Dad went there when he was young, she told me.
This is why, in the end, I agreed to go. I didn’t get to know my Dad for very long. He died when I was four. Going to the same school, weirdly, makes me feel just a little bit closer to him.
It was horrible leaving all my friends
. They’ll all be going to high-
I don’t know
going to this school. I’ve never been more scared in my whole life.
The girl at the end of our row smiles suddenly, looking satisfied. I wonder if there was something amusing in her book. I wonder what could possibly be amusing about frogs.
She glances at the boy. He shakes his head at her.
There is some kind of non-verbal communication going on here. These two are really intriguing me.
Greg used to do that too, mostly with his stories. I can still see him, on the beach, with sand in his blonde hair. He used to dare me to go into the water and break my sandcastles. When they were broken we could stay out fo
r longer, to make
a new one. He never really seemed to want to go home.
I wonder what he is doing now. I wish I was older when he left. Then we could have swapped phone numbers.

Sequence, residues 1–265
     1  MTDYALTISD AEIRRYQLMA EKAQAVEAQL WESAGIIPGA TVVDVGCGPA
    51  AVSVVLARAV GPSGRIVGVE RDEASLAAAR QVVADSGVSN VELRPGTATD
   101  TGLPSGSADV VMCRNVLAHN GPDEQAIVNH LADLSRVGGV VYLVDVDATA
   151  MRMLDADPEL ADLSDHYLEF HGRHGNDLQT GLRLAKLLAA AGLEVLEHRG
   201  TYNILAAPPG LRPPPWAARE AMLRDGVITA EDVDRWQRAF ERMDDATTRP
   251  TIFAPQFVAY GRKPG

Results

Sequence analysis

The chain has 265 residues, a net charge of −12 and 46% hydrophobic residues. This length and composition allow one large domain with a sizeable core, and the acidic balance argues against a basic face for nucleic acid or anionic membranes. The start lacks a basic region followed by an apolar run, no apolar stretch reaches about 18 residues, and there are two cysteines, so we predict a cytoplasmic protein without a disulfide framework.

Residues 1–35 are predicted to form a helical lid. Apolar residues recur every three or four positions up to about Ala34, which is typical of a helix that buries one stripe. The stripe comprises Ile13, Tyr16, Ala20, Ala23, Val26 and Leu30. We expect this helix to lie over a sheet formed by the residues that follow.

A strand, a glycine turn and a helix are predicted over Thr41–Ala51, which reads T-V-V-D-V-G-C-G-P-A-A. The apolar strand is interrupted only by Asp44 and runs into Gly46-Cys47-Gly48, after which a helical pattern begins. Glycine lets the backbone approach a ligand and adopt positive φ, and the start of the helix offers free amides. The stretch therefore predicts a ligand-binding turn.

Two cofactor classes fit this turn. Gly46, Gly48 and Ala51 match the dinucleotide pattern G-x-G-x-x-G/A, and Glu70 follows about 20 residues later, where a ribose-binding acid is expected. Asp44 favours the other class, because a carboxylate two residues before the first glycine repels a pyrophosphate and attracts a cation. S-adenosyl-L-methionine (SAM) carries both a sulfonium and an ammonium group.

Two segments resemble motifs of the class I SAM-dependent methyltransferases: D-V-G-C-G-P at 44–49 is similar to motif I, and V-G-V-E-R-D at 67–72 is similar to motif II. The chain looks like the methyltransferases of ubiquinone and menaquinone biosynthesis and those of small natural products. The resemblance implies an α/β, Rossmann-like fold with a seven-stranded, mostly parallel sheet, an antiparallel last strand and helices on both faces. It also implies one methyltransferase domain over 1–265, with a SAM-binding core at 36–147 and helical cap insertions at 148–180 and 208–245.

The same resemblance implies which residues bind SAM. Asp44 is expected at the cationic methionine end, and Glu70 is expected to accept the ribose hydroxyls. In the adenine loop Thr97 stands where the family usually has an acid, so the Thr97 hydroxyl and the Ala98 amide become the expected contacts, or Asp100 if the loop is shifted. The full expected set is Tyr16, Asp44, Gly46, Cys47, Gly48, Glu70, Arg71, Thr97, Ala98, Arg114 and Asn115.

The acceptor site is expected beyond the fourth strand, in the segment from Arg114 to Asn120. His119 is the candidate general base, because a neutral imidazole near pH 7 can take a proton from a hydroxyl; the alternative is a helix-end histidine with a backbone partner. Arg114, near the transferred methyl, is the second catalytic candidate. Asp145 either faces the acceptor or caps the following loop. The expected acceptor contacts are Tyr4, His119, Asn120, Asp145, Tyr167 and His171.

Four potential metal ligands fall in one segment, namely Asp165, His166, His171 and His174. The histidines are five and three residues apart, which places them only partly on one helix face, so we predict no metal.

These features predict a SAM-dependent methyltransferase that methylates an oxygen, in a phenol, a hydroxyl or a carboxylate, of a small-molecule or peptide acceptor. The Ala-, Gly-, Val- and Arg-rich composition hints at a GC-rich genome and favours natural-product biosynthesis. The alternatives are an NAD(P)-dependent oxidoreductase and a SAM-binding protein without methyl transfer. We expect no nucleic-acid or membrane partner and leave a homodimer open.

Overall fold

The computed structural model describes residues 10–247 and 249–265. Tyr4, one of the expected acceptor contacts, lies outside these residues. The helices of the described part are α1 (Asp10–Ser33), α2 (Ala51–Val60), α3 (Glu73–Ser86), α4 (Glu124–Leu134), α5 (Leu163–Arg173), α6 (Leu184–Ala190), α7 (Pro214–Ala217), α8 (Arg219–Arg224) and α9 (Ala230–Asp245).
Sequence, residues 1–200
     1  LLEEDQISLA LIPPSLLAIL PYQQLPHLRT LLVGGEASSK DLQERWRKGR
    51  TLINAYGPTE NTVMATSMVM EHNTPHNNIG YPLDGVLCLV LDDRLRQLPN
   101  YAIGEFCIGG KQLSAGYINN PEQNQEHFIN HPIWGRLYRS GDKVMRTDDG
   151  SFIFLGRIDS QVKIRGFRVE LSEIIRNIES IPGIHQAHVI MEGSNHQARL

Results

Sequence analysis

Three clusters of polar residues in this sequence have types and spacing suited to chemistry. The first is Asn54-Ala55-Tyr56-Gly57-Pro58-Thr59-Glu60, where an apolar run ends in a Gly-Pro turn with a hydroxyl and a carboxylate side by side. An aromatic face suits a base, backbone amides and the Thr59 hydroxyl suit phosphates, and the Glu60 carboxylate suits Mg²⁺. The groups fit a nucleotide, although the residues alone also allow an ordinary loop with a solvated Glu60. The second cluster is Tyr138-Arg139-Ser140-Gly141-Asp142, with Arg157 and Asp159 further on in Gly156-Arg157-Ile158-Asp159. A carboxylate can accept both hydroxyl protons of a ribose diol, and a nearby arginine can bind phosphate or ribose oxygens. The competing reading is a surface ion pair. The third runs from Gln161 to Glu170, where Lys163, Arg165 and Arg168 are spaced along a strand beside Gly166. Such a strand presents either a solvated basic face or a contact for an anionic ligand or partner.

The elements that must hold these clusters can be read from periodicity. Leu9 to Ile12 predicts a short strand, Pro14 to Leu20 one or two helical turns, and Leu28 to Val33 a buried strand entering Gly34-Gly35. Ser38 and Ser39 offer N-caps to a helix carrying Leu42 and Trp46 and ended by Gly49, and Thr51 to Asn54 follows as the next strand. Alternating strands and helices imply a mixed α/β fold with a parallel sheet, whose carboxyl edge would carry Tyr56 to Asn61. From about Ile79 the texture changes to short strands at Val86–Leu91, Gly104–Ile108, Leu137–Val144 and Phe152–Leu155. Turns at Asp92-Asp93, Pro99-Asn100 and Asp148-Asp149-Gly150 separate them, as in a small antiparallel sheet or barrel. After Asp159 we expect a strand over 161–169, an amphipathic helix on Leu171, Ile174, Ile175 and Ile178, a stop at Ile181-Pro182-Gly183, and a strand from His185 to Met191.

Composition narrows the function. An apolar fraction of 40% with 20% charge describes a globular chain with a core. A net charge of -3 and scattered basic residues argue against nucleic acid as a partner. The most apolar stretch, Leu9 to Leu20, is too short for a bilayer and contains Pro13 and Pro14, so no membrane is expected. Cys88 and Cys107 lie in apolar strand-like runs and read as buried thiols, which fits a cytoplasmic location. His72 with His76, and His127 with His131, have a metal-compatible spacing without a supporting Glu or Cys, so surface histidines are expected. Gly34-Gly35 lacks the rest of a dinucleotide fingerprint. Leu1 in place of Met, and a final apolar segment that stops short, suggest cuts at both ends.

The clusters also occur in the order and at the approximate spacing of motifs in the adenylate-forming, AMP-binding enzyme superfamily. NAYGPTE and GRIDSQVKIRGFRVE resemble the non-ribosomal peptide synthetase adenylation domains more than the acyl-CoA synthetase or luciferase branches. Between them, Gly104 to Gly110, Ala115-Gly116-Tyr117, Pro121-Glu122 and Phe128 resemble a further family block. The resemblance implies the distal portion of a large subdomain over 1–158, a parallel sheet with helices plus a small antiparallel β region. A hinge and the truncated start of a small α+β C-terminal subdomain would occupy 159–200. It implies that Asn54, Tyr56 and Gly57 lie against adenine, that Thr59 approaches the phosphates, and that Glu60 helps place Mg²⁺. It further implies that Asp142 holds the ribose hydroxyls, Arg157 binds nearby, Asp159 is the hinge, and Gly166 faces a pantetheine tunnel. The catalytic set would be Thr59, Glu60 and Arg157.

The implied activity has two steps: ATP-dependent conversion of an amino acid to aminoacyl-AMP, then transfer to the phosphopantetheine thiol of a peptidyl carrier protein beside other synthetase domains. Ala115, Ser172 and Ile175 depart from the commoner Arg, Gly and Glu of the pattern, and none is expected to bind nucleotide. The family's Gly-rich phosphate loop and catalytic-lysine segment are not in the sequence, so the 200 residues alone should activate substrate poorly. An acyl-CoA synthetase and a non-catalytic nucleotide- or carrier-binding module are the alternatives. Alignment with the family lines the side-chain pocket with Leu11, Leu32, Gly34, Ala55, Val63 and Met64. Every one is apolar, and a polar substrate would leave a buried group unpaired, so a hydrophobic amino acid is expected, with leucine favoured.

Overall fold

It’s amazing how you lose
contact with people.
It’s strange, not knowing if they still remember you.
We hit some turbulence. I stop writing in my diary and take my Mom’s hand. She is completely terrified. She’s practically shaking.
I assure her
everything’s okay. Still there is terror in her green eyes, the emerald colour that I inherited from h
er. I also inherited her chestnut brown
pale skin. I often wonder what, if anything, I got from my Dad.
From the corner of my eye I see our pink haired girl. She is the complete opposite to all the nervous people now, smiling and delighted. Last time we hit turbulence she giggled. I begin to wonder what she finds so amusing about it.
I’m not as bad at flying as my Mom but I still don’t exactly
turbulence. I don’t really see how anyone could.
I come to the conclusion that our frog-fan must be a very quirky girl.
The boy doesn’t seem to mind turbulence either. It never stirs him from his attempted sleep, not even the worst bouts of it.
My Mom gets some water from the air hostess and takes her sleeping pills. She brought these ‘just in case’ we had a bad flight.
In just a few minutes she is fast asleep. I am relieved, she’s happier now.
I sit back and begin to write in my diary again.